Some days we are …
Enjoying glorious raspberries that I could eat every day through summer.
Roasting vegetables for oven roast ratatouille with the last of the oil from the labneh.
Eating fresh plums. There’ll be time and plums enough for baked plums, compotes, crumbles and cakes so for now, we’re just picking, eating and counting the stones.
Tumbling tomatoes into salads, using them for sandwiches and eating them straight from the greenhouse, still warm from the sun.
But other days …
… I despair. I’m happy to spend an afternoon in a haze of flour and icing sugar making cakes or baking bread. Create a wobbly jelly? No problem, just pass me the gelatine. They’re things I choose to do.
Some days, the sheer mind numbing tedium of having to make meals gets too much, especially when supper become no more than a fuel stop scheduled around work, sports and social lives. It’s not so much the cooking as deciding what to eat. Sometimes I brightly ask what they fancy for supper and they make ridiculous suggestions; obviously I should get them to look in the fridge first.
I’m off to read the other “In My Kitchen” posts to find some inspiration for tonight’s supper; you can find a list at Fig Jam & Lime Cordial, where Celia heads up IMK HQ. Why not join us?
combining wheat in Great Forest field
Harvest is now in full swing. The first of the wheat was combined over the weekend and today it’s being loaded into lorries to be taken to the central co-operative grain store. Larger, more efficient machinery means that the combine can cut four times the acreage in a day than we cut ten years ago so that the combine is now working here for days at a time, rather than weeks. These days are spread over a few weeks and in the gap until the rest of the wheat ripens, the hedges and verges around the already harvested fields will be cut back and cultivations will begin for next year’s crops.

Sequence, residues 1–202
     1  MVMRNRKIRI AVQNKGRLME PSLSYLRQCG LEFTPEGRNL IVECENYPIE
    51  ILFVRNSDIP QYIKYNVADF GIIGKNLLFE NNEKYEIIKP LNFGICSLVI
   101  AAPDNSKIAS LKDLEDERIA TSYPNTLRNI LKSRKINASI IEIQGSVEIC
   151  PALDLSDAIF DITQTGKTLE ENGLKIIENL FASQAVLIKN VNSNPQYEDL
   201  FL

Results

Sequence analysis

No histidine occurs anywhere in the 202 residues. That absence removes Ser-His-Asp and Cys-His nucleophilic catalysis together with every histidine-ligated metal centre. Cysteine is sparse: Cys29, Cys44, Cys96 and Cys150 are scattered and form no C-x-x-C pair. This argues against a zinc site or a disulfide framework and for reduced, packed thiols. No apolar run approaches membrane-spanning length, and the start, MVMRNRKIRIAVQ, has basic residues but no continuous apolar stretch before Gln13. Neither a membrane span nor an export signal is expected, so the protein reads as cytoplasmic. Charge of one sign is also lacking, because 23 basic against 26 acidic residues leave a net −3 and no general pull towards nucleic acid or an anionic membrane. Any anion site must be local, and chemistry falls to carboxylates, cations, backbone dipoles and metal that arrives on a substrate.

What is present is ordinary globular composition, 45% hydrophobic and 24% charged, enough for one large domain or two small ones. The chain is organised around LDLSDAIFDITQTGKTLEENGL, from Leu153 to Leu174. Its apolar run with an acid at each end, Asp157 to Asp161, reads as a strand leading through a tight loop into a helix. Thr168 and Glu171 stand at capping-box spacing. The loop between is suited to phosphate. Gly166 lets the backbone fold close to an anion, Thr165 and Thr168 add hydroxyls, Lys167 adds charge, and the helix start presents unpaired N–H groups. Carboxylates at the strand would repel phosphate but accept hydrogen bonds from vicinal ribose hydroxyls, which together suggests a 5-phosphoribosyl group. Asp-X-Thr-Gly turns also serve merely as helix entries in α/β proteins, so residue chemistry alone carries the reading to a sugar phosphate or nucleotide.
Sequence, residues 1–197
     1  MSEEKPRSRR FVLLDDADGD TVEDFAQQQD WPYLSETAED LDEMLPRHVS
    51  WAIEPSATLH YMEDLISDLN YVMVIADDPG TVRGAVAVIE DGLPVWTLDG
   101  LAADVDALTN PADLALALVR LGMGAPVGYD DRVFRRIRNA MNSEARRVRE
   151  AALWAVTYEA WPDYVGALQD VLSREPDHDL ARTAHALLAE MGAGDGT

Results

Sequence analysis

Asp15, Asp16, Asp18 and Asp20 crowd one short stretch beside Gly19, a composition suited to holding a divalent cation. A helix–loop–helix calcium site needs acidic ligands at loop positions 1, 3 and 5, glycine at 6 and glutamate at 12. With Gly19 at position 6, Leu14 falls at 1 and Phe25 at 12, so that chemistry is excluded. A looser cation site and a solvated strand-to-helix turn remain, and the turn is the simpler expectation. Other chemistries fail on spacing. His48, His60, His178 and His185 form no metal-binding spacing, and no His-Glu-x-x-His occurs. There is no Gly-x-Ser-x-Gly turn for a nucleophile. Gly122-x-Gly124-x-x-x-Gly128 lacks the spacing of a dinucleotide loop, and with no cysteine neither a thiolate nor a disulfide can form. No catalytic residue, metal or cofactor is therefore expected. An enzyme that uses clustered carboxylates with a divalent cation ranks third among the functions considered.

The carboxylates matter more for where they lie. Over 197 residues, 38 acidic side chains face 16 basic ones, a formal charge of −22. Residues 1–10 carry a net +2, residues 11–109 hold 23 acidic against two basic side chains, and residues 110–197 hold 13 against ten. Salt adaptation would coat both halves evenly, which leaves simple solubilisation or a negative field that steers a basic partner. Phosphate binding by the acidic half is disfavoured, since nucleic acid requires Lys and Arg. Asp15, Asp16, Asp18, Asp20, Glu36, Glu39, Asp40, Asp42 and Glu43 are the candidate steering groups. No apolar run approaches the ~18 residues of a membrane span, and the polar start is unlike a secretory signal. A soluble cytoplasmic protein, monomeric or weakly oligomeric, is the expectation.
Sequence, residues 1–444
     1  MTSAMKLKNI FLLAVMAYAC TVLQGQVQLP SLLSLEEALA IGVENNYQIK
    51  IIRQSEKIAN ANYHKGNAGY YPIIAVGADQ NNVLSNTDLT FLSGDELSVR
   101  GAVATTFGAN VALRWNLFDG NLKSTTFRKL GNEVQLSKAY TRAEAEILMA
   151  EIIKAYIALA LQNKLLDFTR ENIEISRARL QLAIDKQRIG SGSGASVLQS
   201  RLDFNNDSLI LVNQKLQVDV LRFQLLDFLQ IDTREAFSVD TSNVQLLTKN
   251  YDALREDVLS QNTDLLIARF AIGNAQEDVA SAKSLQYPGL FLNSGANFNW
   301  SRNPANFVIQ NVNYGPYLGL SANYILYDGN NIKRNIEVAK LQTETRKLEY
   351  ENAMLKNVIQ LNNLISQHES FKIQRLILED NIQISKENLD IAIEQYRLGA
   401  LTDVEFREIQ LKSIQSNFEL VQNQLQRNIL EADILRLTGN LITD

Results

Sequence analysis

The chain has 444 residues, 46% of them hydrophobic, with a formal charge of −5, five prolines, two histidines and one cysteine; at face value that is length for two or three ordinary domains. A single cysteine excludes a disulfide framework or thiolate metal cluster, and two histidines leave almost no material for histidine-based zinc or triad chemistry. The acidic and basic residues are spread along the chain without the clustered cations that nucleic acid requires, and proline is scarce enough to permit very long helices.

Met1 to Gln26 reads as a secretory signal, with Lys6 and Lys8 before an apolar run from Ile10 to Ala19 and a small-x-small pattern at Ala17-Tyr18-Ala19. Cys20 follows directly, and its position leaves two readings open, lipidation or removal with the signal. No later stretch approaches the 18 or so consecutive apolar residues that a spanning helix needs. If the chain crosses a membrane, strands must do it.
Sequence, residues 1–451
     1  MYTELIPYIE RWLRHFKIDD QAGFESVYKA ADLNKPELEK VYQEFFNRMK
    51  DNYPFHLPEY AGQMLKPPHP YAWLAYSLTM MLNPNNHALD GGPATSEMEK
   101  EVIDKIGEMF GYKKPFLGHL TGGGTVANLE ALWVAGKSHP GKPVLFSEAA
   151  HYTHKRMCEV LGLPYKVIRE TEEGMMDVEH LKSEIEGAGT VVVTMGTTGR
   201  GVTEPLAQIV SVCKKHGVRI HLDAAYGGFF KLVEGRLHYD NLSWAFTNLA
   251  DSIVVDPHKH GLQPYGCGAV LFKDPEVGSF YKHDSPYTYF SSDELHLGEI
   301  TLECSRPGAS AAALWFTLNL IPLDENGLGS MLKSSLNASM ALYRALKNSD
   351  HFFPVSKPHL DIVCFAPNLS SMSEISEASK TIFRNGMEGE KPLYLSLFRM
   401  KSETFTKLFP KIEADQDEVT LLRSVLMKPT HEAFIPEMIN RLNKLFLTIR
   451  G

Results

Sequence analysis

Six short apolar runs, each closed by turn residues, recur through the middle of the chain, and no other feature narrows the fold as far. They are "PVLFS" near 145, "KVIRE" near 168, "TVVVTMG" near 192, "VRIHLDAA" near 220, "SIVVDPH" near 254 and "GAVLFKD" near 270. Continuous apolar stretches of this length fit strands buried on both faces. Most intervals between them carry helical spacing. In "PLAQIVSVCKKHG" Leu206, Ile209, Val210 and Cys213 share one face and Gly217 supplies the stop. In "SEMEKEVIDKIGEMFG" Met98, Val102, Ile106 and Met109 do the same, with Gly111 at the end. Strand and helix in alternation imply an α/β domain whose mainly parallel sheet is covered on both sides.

If you listen to The Archers, you may be under the impression that during harvest farmers have time to sit in the pub having a pint with their leisurely meal. If only. All too often, lunch and supper are eaten on tractors as drivers wait on the field headland watching for the flashing light on the combine to indicate that the tank is full and signal to them to drive alongside so that it can unload into the trailer. Balanced meals with at least five a day fruit and vegetables are cast aside in favour of food that can be eaten one-handed while driving across a rough field without making hands sticky and can rattle around in the tractor cab all day without turning to mush. Beautifully presented bento boxes decoratively laid out with delicate fish and salads are definitely not on the menu. Instead, solid, old-fashioned food seems to fit the bill and some days as I pack up pork pies with a tomato and a hard-boiled egg, it seems like stepping back thirty years and needs only a bottle of fizzy pop or ginger beer to complete the picture.
packing raspberry crumble cake for evening cold boxes
Soft Essex huffers are more popular than chewy sourdough and while the raspberries are plentiful, I’ve been making Raspberry Crumble cake to slip into evening coldboxes when energy and concentration levels dip. Slightly sharp, juicy raspberries contrast with chunks of white chocolate, flaked almonds and a buttery crumble topping to make a cake that can be cut into sizeable chunks and won’t fall apart like a delicate sponge cake.
Click here for the Raspberry Crumble cake recipe.
Click here to find out how to make Essex Huffers